When Did the U.S. Stop Using the Gold Standard?


According to the National Center for Policy Analysis, the official end to the U.S. Gold Standard came in 1971 when President Richard Nixon announced that the government would no longer redeem dollars for gold. This political move was the last in a line of policies designed to increase purchasing power.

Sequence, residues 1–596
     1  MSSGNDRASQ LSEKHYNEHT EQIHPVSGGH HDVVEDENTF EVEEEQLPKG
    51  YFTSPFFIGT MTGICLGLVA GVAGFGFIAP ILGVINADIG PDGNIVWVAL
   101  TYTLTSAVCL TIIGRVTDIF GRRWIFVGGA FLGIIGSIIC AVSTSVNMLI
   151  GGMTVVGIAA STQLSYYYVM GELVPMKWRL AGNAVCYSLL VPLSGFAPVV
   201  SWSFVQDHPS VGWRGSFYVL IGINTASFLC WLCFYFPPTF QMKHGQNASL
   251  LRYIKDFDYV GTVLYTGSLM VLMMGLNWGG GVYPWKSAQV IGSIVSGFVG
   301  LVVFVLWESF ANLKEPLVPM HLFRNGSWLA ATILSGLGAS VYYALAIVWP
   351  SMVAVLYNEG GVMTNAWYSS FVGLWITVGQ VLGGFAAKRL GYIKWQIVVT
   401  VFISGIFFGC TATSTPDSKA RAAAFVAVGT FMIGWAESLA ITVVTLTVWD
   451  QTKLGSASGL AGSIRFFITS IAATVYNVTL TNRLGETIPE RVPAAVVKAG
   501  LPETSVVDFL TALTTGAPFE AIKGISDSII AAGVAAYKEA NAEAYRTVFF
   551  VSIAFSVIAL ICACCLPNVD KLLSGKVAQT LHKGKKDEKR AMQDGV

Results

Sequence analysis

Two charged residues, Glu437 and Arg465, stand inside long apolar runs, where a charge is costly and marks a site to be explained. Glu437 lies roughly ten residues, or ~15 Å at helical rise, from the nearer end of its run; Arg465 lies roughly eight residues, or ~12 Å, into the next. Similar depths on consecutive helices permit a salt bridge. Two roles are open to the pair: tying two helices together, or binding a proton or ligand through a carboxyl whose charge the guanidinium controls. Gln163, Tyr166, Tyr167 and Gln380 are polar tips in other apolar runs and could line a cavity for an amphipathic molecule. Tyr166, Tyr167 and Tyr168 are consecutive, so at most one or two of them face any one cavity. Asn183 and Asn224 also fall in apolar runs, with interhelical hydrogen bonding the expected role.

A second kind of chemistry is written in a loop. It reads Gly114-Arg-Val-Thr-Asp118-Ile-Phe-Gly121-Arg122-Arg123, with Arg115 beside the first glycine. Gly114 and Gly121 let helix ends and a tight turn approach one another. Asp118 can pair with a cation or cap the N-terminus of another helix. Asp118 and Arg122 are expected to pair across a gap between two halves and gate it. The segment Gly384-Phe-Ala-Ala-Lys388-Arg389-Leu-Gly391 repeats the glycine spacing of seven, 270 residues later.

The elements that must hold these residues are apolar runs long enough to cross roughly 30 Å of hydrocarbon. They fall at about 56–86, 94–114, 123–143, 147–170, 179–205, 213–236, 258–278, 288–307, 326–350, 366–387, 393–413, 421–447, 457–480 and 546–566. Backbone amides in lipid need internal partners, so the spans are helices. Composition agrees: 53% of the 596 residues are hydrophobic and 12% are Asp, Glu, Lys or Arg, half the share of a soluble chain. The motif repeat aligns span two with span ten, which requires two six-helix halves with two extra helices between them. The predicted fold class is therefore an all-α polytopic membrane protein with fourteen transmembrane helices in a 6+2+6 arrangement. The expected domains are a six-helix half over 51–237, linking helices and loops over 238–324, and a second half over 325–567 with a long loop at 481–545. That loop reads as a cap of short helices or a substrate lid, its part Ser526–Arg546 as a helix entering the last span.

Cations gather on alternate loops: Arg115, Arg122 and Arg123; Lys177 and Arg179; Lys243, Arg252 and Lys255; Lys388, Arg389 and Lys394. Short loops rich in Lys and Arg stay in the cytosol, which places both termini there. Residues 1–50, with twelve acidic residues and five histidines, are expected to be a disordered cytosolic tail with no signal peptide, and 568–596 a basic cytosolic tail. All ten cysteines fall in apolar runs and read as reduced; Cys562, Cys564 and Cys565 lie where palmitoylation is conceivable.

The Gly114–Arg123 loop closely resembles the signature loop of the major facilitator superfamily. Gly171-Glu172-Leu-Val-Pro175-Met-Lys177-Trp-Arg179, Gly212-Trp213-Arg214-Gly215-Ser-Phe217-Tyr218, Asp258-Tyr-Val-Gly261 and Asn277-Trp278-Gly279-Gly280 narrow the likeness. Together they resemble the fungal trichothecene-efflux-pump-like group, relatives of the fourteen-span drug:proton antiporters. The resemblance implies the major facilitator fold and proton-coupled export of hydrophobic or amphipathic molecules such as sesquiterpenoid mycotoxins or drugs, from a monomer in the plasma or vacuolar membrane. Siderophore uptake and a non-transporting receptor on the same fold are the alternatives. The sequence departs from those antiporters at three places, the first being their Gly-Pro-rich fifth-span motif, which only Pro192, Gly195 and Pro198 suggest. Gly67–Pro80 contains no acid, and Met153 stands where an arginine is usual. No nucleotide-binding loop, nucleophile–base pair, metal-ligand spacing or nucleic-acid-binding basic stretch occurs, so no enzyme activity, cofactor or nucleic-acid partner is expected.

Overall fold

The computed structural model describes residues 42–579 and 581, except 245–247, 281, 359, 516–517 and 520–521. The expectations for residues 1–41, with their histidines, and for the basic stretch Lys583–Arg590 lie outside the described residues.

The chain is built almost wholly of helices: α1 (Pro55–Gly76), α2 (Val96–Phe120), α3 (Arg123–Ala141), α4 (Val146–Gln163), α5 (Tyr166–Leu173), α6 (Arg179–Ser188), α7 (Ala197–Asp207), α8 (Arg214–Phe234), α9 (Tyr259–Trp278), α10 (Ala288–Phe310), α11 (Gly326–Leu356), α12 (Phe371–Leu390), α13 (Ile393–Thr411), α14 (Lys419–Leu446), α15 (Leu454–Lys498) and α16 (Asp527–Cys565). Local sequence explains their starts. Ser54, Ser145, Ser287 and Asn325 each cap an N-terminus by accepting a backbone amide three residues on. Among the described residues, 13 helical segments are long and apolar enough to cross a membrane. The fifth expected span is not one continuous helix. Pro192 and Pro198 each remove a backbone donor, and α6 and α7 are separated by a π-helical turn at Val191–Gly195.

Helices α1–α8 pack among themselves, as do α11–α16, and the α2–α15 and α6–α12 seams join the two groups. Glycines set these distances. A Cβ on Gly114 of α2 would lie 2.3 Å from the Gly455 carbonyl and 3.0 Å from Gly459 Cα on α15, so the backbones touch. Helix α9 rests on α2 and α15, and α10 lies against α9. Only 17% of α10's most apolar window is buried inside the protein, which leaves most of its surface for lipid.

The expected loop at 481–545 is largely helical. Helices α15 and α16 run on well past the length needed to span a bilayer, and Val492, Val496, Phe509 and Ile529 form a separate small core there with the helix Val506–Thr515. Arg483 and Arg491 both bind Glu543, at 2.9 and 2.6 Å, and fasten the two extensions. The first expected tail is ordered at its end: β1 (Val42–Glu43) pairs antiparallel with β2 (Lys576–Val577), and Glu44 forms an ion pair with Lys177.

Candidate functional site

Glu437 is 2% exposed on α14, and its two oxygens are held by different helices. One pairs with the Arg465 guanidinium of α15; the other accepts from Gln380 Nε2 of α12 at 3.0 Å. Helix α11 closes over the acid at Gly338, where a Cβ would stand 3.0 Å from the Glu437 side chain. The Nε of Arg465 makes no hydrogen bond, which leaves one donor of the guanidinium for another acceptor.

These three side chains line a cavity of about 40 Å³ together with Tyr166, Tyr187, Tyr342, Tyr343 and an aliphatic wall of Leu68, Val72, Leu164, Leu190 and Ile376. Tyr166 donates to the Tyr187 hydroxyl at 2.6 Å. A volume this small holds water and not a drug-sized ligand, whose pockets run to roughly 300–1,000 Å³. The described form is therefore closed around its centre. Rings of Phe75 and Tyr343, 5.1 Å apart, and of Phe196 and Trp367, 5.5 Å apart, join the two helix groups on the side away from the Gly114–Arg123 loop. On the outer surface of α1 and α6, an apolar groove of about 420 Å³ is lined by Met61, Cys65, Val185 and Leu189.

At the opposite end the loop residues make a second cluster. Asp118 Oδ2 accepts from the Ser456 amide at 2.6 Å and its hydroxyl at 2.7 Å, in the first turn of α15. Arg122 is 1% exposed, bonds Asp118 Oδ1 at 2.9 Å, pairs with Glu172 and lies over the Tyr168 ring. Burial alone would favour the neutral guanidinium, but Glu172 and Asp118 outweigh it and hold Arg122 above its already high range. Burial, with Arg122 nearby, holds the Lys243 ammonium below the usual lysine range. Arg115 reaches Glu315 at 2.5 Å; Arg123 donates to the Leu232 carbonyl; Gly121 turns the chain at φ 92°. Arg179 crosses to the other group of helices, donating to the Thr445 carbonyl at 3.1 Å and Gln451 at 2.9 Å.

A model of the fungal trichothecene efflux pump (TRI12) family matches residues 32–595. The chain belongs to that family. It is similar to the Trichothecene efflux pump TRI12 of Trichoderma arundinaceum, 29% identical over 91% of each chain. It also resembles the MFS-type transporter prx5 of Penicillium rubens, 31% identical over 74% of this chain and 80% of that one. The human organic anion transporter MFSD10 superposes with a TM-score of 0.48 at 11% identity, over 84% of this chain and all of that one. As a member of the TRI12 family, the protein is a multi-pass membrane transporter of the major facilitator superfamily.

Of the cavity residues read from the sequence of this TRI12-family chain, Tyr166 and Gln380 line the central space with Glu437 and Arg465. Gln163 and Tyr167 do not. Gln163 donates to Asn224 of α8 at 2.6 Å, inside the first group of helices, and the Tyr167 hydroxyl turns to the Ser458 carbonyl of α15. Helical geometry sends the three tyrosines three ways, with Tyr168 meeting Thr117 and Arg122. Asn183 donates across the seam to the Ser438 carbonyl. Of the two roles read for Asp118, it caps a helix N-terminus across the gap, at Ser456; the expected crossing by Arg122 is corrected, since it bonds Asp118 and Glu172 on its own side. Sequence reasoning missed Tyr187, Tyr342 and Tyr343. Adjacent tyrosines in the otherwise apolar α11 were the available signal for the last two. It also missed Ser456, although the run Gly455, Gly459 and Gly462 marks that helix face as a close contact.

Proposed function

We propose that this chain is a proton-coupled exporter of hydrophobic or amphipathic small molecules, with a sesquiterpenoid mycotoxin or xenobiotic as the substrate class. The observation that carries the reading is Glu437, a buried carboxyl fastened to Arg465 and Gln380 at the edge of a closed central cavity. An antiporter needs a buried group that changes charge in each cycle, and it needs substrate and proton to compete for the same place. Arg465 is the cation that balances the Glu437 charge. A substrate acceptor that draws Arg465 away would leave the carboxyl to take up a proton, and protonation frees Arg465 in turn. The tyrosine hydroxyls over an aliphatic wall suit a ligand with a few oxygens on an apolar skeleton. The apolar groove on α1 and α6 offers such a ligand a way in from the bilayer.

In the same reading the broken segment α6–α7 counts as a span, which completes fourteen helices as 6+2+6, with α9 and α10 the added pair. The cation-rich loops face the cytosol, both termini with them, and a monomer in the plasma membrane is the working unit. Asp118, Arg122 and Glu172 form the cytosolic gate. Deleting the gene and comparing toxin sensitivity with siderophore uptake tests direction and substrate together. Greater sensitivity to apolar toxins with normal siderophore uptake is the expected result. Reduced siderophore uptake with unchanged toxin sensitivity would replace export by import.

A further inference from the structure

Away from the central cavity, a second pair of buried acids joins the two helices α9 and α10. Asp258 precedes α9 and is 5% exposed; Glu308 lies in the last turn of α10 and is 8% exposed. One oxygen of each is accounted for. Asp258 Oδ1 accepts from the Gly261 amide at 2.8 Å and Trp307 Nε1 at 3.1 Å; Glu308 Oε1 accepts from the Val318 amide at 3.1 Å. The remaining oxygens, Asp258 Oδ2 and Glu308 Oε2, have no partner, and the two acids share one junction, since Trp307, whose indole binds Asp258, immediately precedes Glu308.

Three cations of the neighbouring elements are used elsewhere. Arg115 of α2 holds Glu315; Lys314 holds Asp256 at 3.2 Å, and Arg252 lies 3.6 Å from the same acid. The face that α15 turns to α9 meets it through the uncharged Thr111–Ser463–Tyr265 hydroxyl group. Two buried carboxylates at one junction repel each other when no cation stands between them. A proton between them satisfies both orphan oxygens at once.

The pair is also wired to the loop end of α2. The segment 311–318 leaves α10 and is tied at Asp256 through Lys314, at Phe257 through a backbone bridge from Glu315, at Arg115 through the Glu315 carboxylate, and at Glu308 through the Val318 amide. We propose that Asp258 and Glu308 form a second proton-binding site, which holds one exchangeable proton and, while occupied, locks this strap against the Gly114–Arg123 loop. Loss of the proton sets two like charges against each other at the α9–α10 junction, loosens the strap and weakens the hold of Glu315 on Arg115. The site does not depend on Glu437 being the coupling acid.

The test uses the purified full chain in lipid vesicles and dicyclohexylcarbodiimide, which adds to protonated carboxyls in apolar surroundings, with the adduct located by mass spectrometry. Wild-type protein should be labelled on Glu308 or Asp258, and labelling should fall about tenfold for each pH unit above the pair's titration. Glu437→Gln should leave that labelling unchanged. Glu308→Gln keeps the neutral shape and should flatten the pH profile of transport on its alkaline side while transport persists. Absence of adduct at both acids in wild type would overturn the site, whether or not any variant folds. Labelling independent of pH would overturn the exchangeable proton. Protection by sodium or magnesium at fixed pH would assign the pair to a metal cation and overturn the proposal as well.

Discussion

President Nixon's 1971 declaration meant that the value of the American dollar would no longer be tied to a specific weight of gold but completely determined by government policy. Prior to this action, the First World War and the Great Depression had already weakened the gold standard. The United States' involvement in WWI led the Federal Reserve to issue more paper money than there was gold in the U.S. Treasury. In 1934, President Roosevelt significantly raised the price of gold and prohibited its private ownership.